Unwanted Pregnancy and Use of Withdrawal among American Women Aged 15–25
Annie Dude, University of Chicago
Amy Neustadt, University of Chicago
Melissa Gilliam, University of Chicago
Pregnancy rates among young women in the United States are high, and a majority of these pregnancies are unwanted. According to the National Survey of Family Growth (NSFG), approximately 23% of women aged 15-25 occasionally or always choose withdrawal as a contraceptive method. Withdrawal has a high failure rate, approximately 18-28% in one year of use. Cox hazard model regressions on data from the NSFG indicates that those women that use withdrawal as contraception are at increased risk of pregnancy relative to women who use other contraceptive methods, with a hazard ratio of 1.35 (p = 0.046). Women who never use contraception, however, are at an even higher risk of an unwanted pregnancy (hazard ratio = 2.04, p = 0.00), indicating that withdrawal use may prevent some unwanted pregnancies, but is not as effective as other contraceptive methods.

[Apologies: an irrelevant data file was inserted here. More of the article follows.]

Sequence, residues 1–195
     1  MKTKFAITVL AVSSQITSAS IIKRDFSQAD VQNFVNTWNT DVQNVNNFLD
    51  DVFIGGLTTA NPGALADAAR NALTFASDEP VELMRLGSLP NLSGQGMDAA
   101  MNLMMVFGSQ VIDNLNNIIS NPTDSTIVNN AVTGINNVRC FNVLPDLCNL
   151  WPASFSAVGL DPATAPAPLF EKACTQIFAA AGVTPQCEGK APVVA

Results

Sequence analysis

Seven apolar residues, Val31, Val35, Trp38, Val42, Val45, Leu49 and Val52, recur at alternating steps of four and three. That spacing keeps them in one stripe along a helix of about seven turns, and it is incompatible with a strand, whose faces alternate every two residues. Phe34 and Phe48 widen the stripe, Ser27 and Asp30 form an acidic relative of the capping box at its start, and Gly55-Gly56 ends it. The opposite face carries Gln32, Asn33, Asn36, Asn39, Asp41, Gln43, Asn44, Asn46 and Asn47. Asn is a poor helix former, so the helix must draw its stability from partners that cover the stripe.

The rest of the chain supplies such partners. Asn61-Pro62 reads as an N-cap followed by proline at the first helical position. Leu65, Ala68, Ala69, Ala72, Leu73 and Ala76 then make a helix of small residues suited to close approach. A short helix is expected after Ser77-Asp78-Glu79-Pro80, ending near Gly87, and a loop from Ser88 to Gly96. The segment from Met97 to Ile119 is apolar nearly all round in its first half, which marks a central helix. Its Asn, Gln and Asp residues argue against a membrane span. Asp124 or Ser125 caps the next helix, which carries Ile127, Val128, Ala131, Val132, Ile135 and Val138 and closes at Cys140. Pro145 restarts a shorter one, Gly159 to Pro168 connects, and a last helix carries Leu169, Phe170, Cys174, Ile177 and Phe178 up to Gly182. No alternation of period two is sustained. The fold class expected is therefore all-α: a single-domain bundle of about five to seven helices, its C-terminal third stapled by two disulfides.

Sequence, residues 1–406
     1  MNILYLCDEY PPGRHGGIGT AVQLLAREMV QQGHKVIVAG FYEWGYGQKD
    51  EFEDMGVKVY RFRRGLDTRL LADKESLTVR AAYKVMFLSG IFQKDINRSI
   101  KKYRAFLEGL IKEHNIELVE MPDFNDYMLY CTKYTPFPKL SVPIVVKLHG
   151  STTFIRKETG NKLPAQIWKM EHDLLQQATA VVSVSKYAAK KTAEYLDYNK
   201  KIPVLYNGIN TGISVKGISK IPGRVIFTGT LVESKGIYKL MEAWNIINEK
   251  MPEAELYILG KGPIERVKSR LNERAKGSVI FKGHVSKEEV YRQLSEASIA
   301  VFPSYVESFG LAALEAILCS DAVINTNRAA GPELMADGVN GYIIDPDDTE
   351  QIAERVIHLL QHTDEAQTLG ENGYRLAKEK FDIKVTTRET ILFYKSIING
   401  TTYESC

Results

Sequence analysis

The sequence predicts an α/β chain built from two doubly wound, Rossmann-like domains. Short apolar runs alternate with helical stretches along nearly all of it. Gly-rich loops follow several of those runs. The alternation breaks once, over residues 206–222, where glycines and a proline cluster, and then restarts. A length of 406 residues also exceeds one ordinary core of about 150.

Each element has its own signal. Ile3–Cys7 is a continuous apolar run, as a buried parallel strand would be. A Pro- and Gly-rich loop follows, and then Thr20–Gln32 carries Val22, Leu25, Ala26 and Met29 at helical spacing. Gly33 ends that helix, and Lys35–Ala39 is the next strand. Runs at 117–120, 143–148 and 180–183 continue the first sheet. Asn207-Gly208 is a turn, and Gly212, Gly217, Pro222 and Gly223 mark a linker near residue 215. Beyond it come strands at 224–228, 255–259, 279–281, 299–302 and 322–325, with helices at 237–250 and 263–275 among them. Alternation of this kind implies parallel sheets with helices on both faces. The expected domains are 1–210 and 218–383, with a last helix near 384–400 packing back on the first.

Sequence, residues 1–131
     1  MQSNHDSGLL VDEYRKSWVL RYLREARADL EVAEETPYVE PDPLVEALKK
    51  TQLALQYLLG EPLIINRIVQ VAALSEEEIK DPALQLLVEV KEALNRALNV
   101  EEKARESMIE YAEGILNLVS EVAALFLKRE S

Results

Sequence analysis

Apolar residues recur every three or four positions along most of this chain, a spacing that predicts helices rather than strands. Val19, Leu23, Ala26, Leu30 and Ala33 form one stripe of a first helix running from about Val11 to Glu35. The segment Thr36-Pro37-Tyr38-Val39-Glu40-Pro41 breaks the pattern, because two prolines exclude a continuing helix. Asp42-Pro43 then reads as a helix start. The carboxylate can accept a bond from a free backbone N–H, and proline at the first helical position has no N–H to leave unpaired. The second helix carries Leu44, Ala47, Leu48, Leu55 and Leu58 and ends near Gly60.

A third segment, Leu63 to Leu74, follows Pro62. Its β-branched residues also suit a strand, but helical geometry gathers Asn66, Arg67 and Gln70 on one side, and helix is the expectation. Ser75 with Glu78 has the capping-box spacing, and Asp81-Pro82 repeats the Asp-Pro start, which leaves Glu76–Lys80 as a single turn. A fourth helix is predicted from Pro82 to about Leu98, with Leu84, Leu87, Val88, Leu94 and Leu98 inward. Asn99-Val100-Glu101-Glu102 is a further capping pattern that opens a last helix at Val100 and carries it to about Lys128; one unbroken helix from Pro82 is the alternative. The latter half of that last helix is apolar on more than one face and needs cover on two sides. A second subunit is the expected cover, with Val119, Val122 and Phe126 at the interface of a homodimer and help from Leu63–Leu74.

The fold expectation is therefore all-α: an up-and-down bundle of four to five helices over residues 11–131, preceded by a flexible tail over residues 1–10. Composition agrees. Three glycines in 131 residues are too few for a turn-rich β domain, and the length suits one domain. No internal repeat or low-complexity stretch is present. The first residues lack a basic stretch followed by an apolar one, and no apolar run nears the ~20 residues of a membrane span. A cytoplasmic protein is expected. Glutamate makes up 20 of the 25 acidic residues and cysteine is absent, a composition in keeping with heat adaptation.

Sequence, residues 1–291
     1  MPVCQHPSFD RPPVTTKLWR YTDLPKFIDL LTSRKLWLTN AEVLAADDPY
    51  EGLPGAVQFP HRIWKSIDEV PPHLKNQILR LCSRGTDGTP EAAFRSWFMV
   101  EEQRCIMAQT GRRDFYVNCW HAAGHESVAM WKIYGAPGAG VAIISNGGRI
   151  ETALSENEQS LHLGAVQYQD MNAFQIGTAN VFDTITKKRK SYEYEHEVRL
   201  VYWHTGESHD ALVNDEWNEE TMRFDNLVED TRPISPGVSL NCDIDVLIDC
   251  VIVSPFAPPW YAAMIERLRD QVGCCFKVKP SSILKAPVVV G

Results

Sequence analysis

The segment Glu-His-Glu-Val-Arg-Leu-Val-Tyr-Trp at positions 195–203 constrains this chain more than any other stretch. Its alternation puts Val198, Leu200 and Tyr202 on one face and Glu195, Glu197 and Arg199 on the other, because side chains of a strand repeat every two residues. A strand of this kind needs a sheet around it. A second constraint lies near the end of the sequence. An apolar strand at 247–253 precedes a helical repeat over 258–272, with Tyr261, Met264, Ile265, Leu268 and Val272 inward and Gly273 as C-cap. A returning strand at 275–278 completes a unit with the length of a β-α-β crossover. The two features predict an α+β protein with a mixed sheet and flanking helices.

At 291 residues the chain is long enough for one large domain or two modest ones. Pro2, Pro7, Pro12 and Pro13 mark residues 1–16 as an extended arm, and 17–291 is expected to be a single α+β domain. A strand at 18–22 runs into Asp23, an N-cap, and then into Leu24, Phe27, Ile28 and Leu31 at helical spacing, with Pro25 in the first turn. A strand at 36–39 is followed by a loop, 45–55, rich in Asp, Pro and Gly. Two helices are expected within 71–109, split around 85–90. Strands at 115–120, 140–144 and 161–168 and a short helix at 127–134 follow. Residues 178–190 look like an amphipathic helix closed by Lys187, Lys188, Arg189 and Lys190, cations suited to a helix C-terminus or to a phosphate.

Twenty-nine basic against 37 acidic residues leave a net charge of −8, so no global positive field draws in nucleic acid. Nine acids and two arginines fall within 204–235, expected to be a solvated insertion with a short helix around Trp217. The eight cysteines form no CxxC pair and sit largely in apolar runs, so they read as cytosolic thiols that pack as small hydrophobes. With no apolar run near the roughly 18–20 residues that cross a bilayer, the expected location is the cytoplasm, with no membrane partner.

Presented in Session 112: Contraception